Monitoring patients with coexistent AF and obesity by setting weekly goals and sending text reminders to follow their given instructions could improve outcomes.
Obesity is a well-known risk factor for cardiovascular morbidities, including atrial fibrillation (AF). “The good news is obesity is reversible,” explains Andrea Natale, MD, FACC, FHRS, FESC. “If optimal weight is achieved early during the disease process, the progression of AF can be stalled, at least to some extent. However, poor compliance with weight loss measures is one of the most challenging issues when it comes to making lifestyle changes to achieve and sustain healthy weight.”
Studies have shown that patients typically are more compliant to weight loss interventions when they receive regular attention from their healthcare providers. Researchers are continuing to seek out better solutions to maintain patient engagement, and many are now focusing on digital platforms. “Digital platforms are widely used by the global population and provide an easy means of delivering health interventions,” says Mitra Mohanty, MD, MS, FHRS.
Exploring the Impact of Digital Monitoring on Engagement & Compliance
For a pilot study published in the Cardiovascular Digital Health Journal, Drs. Natale and Mohanty, and colleagues investigated the impact of patient engagement using a digital monitoring system on compliance for lifestyle-change measures and subsequent outcomes. “We wanted to investigate if a digital-app based monitoring system would increase patient engagement and subsequently improve compliance for lifestyle changes, including diet and physical activity,” Dr. Mohanty says.
Patients with coexistent AF and obesity were classified into two groups based on the monitoring method and were instructed to log their daily diet intake and exercise intensity. For Group 1, a digital platform with a smartphone app was used to set weekly goals for exercise and weight loss, to track compliance data continuously, and to send regular text reminders. Remote guidance and support and periodic reminders to follow lifestyle recommendations were delivered through the app. For Group 2, patients received conventional methods, which included monitoring adherence to diet and changes in weight during in-person visits or with monthly phone calls from staff.
Higher Compliance & Greater Weight With Digital Monitoring
“Our study showed that use of the digital app was associated with significantly higher compliance and weight loss when assessed at 6 months of follow-up,” says Dr. Mohanty. Patients from Group 1—the digital monitoring cohort—were more compliant with physician instructions regarding diet and exercise than those from Group 2 (60% vs 33%, respectively). Weight loss was observed in 75% of patients from Group 1, compared with 39% for those in Group 2. The mean reduction in weight was also higher for Group 1 than for Group 2 (Figure). The study also noted that weight loss was more prevalent and pronounced in those participating in the digital monitoring intervention than for those receiving conventional monitoring.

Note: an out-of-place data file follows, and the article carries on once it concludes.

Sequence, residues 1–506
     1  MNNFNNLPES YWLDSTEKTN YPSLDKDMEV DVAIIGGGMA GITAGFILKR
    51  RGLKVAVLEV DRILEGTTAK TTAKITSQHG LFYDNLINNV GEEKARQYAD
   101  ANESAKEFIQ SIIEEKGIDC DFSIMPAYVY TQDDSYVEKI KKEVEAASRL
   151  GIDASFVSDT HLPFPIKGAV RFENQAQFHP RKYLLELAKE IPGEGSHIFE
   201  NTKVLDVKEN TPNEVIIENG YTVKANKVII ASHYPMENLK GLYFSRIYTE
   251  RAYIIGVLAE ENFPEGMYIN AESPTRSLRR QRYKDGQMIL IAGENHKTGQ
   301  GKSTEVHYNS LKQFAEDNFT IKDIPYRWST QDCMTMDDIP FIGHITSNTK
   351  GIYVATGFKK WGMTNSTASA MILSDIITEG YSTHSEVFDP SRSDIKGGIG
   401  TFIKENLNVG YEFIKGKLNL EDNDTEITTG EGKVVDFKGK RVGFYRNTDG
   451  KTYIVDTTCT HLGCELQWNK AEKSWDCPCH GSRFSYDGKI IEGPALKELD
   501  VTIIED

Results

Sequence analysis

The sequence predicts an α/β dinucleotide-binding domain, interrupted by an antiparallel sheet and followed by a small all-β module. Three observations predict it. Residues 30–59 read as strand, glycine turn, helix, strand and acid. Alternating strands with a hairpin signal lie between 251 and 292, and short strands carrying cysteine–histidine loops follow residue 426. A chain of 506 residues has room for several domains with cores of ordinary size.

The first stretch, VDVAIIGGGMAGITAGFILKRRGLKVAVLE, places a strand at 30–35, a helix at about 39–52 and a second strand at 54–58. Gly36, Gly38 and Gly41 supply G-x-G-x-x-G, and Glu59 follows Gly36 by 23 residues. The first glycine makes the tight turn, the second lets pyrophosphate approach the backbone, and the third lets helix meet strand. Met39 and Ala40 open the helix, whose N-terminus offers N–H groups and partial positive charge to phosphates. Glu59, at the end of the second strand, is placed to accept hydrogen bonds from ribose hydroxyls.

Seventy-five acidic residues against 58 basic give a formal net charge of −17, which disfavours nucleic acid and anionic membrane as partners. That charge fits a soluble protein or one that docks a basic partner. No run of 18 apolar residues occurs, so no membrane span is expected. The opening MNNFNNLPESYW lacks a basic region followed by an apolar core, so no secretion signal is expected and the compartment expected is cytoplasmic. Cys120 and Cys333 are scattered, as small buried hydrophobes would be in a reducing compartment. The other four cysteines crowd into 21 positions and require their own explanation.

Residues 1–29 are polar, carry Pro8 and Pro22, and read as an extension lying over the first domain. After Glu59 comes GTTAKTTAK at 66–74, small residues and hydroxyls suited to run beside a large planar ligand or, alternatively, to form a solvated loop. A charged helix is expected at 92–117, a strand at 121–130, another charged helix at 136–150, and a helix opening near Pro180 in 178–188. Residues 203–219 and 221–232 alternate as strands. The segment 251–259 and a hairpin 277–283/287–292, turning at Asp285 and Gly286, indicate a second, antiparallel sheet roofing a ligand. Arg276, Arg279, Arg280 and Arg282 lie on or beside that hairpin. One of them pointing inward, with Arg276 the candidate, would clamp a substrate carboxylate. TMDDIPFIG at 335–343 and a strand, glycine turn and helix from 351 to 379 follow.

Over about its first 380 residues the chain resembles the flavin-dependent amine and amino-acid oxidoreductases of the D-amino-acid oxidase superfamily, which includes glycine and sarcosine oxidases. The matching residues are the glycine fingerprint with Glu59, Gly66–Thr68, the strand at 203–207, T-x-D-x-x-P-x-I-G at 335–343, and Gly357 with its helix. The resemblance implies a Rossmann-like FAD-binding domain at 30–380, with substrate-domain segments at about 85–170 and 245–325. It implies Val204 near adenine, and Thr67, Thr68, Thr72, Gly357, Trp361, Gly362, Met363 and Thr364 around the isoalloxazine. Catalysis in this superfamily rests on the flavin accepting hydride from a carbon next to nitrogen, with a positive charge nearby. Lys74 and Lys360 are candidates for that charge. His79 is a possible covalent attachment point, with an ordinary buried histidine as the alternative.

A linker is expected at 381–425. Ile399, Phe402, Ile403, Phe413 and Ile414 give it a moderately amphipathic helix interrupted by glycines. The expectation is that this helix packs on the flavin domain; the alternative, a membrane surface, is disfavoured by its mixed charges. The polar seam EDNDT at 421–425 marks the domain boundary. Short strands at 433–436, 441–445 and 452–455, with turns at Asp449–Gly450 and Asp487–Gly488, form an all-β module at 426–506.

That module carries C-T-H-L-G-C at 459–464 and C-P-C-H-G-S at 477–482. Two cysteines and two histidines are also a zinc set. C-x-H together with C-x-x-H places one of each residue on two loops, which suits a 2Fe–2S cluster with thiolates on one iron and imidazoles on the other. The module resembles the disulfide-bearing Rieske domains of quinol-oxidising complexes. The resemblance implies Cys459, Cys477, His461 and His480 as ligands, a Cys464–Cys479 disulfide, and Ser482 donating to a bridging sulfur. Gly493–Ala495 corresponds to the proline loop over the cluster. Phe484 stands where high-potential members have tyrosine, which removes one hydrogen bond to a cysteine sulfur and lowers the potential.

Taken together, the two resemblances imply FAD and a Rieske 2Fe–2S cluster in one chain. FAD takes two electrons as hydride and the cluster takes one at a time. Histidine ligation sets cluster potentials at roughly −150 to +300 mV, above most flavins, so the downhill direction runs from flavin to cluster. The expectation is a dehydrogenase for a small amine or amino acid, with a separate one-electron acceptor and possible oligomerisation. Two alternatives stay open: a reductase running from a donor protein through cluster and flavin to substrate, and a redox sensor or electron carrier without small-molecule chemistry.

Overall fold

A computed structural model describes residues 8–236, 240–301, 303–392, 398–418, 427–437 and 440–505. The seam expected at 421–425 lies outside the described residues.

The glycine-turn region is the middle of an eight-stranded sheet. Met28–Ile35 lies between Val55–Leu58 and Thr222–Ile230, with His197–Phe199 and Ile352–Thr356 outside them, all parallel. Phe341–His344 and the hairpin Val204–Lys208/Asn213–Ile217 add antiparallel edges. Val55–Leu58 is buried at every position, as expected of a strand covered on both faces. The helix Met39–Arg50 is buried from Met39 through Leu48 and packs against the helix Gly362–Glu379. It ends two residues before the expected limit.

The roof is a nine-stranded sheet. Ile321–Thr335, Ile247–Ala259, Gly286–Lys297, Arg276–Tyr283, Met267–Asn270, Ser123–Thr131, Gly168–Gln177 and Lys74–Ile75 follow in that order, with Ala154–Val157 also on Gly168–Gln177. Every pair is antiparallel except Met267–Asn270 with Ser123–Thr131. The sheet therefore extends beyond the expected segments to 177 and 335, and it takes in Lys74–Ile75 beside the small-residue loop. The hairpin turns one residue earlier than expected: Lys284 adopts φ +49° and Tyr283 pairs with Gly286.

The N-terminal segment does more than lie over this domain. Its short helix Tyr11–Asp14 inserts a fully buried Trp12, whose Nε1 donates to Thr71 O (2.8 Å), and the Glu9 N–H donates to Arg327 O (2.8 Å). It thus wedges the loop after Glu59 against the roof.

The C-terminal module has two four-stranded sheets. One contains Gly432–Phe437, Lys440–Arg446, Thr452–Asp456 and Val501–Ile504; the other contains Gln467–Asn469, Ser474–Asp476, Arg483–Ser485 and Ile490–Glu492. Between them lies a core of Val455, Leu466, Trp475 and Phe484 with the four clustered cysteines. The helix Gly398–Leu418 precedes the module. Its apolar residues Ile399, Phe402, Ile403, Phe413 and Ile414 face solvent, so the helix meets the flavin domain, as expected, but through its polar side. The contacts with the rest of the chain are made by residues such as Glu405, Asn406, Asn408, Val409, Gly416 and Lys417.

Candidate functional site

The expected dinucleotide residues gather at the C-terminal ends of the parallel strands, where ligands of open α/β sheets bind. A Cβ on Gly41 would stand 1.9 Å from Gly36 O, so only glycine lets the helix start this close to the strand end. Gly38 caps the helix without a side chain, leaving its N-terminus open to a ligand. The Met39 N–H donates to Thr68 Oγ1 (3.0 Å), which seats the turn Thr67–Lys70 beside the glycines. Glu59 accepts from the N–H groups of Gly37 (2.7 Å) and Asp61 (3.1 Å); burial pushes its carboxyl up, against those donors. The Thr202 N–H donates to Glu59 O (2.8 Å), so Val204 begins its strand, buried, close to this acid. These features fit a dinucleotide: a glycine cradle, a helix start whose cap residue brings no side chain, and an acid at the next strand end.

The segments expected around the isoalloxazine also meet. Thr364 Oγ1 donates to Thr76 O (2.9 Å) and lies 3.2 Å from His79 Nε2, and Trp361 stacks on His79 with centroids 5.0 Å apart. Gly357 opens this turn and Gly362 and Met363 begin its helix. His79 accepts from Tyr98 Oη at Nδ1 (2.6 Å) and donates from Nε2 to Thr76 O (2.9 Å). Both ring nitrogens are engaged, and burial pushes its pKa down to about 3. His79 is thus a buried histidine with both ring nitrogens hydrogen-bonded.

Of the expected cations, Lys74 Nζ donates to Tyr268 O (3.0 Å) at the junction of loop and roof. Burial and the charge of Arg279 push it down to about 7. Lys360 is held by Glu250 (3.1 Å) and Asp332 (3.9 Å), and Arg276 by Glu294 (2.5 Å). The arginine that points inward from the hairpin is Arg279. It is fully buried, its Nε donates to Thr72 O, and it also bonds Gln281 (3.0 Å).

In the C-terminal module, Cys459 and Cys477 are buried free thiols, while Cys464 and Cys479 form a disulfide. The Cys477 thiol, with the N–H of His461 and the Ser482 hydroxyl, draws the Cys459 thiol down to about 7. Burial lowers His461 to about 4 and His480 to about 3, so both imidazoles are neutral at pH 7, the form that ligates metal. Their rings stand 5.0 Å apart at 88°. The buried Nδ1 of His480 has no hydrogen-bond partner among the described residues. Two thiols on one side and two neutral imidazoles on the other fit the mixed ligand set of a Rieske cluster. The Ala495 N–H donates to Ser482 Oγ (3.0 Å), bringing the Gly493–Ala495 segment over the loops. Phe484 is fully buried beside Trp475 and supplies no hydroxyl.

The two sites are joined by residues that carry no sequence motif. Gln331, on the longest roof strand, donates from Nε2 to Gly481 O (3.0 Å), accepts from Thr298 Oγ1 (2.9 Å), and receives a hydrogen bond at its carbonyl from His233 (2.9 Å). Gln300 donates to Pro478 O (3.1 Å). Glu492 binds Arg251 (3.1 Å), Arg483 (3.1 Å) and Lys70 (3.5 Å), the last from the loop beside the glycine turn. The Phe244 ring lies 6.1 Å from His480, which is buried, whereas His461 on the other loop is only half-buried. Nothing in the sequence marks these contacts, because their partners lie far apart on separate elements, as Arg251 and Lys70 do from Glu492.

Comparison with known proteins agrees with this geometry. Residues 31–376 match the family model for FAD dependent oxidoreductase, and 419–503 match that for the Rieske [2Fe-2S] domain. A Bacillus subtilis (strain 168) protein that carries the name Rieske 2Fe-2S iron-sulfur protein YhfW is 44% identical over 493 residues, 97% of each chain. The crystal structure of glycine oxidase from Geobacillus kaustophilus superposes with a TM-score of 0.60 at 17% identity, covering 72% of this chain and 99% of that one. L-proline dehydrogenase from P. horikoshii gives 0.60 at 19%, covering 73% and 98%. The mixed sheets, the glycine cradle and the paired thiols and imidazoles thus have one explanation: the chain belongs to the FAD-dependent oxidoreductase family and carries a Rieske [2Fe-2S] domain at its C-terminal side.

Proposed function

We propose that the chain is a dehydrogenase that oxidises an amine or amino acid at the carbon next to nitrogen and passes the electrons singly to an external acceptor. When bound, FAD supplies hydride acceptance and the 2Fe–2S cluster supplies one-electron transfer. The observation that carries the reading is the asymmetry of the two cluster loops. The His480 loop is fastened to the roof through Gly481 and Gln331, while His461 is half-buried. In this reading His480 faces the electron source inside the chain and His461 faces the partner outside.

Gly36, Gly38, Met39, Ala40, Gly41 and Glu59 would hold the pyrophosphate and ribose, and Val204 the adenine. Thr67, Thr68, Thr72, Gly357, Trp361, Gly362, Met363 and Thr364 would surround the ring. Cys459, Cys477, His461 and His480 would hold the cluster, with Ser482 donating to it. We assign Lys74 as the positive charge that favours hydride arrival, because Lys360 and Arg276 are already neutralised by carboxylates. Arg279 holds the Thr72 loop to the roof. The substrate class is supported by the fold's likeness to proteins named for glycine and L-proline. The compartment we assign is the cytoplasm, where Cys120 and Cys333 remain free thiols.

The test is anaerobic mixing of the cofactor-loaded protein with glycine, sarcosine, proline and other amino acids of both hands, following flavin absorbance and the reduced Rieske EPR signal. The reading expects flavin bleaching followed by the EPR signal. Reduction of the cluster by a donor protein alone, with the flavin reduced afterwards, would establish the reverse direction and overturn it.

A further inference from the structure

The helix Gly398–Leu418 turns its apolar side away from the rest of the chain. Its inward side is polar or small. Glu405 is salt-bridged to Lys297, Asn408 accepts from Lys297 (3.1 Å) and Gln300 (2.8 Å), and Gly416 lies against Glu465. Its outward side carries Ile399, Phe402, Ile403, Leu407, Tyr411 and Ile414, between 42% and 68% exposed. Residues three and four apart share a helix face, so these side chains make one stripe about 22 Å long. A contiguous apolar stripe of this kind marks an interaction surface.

Consider Adopting Digital Monitoring Measures as a Part of Standard Protocols
“The findings from our study revealed that paying close attention to patients with coexistent AF and obesity by setting up weekly goals and sending text reminders to follow their given instructions could improve outcomes,” Dr. Mohanty says. “The digital apps are easy to use and help patients stay motivated to remain compliant. Importantly, the digital monitoring system is highly convenient for physicians and nurses to stay connected with their patients.”
The study group noted that the opportunity to connect with the remote lifestyle coaches when needed and the text reminders were important influences for increased patient engagement and improved compliance. “Based on our findings, clinicians should consider adopting these measures as part of their standard follow-up protocols when managing patients with coexistent AF and obesity,” says Dr. Natale.
According to the study, larger clinical trials are warranted to validate the findings. “We’re also planning to use the digital platform to survey patients on their QOL, cognitive function, and affective status,” says Dr. Natale. “Additionally, we aim to investigate patient compliance for oral anticoagulants and other therapeutics for different chronic conditions, including hypertension, diabetes, dyslipidemia, and sleep apnea.”